One way to prevent this delay is to borrow from the principles of project management. Lab managers know the date on which the budget must be submitted to upper management for approval. Working backward from this date, one can set a timetable for completing each step of the budget process. In essence, completion of each step becomes a project milestone. A delay in achieving one milestone immediately alerts lab managers to the fact that they must adjust the timing of the remaining steps of the budget process to achieve the required overall budget completion date.
Another principle of project management is that some project steps can be accomplished more quickly in parallel than in a series one after the other (Figure 1). By adopting the project management mindset when working on budgets and by working on some aspects of setting a budget in parallel rather than sequentially, lab managers may be able to reduce the length of the budgeting process or respond more quickly to delays in the process.
Staff members’ perspectives
It is usually helpful to include staff members in the budgeting process or at least to make them aware of its progress. They might have useful ideas on the need for new equipment or additional staffing. They could perform some of the work associated with budgeting, such as pricing equipment being considered for purchase and determining the need for various optional instrument features. Inclusion in the budgeting process can make them feel part of the team and may improve morale.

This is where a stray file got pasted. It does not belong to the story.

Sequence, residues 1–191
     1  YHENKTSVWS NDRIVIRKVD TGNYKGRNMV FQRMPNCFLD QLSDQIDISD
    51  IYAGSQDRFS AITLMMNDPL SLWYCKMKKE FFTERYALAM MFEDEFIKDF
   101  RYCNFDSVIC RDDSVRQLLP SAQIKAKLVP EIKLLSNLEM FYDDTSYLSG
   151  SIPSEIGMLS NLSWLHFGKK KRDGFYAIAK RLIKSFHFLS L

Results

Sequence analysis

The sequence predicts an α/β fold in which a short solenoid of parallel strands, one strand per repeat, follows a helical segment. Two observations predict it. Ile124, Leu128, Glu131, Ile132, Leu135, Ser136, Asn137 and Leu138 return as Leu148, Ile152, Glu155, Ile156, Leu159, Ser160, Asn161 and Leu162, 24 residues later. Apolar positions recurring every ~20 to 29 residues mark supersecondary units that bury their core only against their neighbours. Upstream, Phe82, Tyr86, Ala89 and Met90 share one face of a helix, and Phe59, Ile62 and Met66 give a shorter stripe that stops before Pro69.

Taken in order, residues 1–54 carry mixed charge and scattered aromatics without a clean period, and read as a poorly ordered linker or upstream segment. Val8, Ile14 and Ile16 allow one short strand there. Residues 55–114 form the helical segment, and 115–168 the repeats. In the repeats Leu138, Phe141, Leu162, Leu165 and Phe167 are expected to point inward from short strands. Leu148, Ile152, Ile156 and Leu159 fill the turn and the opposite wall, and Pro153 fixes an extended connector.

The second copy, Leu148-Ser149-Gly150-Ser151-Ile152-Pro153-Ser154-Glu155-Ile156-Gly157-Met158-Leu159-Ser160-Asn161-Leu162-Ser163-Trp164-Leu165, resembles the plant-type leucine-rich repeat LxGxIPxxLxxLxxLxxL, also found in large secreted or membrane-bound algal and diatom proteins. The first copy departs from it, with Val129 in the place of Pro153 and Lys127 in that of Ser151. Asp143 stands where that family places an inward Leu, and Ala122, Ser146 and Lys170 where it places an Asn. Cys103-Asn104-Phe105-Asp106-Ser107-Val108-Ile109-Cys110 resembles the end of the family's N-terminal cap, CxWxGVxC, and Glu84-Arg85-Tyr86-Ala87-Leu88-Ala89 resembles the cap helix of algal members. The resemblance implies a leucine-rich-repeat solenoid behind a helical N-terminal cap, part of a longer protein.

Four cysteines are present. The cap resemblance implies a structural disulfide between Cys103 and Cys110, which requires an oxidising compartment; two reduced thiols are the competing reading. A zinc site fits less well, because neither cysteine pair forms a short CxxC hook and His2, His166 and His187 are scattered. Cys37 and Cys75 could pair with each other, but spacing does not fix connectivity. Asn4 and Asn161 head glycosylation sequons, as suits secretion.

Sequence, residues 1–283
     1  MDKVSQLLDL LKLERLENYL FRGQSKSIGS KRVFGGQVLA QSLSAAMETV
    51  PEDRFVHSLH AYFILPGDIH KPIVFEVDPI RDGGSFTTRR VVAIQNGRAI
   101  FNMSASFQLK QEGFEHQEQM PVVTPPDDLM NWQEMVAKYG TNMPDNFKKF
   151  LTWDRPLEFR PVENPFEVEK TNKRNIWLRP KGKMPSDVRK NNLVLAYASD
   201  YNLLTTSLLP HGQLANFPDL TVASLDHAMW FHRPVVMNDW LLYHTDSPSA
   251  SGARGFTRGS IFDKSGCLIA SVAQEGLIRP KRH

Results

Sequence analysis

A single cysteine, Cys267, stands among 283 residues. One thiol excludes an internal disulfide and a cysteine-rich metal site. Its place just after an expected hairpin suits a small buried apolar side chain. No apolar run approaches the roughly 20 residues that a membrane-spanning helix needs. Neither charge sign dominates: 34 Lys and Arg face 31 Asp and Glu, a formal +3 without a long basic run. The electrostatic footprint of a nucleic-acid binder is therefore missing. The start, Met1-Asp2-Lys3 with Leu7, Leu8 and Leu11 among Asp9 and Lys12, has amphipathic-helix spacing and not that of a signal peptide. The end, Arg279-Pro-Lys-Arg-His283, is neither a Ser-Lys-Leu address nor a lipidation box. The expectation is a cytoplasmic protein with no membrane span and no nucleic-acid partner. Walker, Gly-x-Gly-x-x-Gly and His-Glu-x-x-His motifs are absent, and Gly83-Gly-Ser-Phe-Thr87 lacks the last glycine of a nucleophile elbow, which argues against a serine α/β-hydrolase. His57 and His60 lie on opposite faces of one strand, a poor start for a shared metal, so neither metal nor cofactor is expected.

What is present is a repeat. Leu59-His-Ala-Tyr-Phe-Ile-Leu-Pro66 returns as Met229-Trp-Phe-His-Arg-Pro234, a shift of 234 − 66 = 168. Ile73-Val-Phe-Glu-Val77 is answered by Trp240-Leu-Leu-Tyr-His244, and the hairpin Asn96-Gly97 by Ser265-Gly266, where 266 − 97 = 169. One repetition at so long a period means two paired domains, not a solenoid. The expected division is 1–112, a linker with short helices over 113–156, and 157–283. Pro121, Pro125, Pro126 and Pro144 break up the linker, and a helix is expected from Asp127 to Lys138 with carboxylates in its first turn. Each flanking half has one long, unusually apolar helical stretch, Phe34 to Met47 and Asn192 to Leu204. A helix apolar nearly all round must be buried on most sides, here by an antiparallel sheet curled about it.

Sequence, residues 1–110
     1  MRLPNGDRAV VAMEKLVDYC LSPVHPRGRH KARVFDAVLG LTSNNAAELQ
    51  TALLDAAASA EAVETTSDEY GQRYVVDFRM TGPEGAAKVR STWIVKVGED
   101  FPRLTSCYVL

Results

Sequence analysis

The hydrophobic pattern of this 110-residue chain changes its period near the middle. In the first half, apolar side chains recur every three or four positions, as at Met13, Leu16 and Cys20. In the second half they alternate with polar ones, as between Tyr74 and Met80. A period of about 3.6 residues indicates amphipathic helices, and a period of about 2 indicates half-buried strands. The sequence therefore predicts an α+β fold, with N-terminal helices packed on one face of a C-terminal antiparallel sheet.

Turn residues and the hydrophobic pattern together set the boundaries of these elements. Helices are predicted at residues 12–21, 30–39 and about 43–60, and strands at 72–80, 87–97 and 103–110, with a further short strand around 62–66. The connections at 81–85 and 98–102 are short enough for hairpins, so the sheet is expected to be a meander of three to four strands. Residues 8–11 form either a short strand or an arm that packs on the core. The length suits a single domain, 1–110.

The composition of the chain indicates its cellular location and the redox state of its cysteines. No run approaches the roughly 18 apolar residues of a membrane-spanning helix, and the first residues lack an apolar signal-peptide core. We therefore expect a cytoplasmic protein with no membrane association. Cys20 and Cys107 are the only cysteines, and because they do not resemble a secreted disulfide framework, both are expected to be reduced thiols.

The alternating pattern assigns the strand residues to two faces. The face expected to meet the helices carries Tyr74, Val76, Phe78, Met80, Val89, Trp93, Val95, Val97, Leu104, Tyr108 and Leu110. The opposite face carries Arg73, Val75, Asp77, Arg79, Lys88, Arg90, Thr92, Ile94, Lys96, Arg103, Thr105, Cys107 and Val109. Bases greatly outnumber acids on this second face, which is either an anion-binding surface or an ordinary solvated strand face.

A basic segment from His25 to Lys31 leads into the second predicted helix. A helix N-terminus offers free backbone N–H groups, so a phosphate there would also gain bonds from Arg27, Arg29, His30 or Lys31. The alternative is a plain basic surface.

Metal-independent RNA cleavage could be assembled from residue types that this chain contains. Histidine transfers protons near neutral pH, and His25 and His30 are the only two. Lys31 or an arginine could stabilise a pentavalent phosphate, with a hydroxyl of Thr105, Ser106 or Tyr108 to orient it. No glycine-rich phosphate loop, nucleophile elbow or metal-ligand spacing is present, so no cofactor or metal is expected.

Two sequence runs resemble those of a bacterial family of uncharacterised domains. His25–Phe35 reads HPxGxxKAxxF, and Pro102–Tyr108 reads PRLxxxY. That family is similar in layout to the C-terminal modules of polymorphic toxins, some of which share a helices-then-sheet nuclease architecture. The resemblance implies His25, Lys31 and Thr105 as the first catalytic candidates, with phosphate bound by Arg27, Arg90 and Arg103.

Sales representatives and members of lab service groups can ask customers to describe problems they need solved and to estimate their tech service needs for the coming year. Feedback can be used to help determine needed funding for the coming year.
Internal customers of the laboratory often make recommendations concerning the laboratory spending required to meet their goals, and then review the budget. These customers include operating divisions of the company, such as sales and marketing groups, developmental products groups, and production plant personnel.
The final stages
Once all the required input is collected, all the proposed projects—research, development, plant support and technical support—can be grouped into three categories: essential, nice to do, and do only after the first two categories are budgeted. Then, based on these work estimates, lab managers can draw up and submit a budget. This approach is effective in funding an RD&T (Research, Development & Technology Transfer) program
focused on customer needs. It also helps lab managers develop fallback positions. Should higher-level managers require budget cuts, lab managers can delete some of the third-category projects (to be funded only after the first two categories are funded) from the budget. This can eliminate tedious, sometimes acrimonious budget disagreements with higher-level managers.
Typically budgets are then reviewed by higher-level managers. Committees of senior managers at a laboratory may review the overall laboratory budget before it is sent to high-level research managers and personnel in the office of the organization’s chief financial officer (CFO). The CFO’s office in large companies typically includes financial analysts who specialize in creating and managing budgets.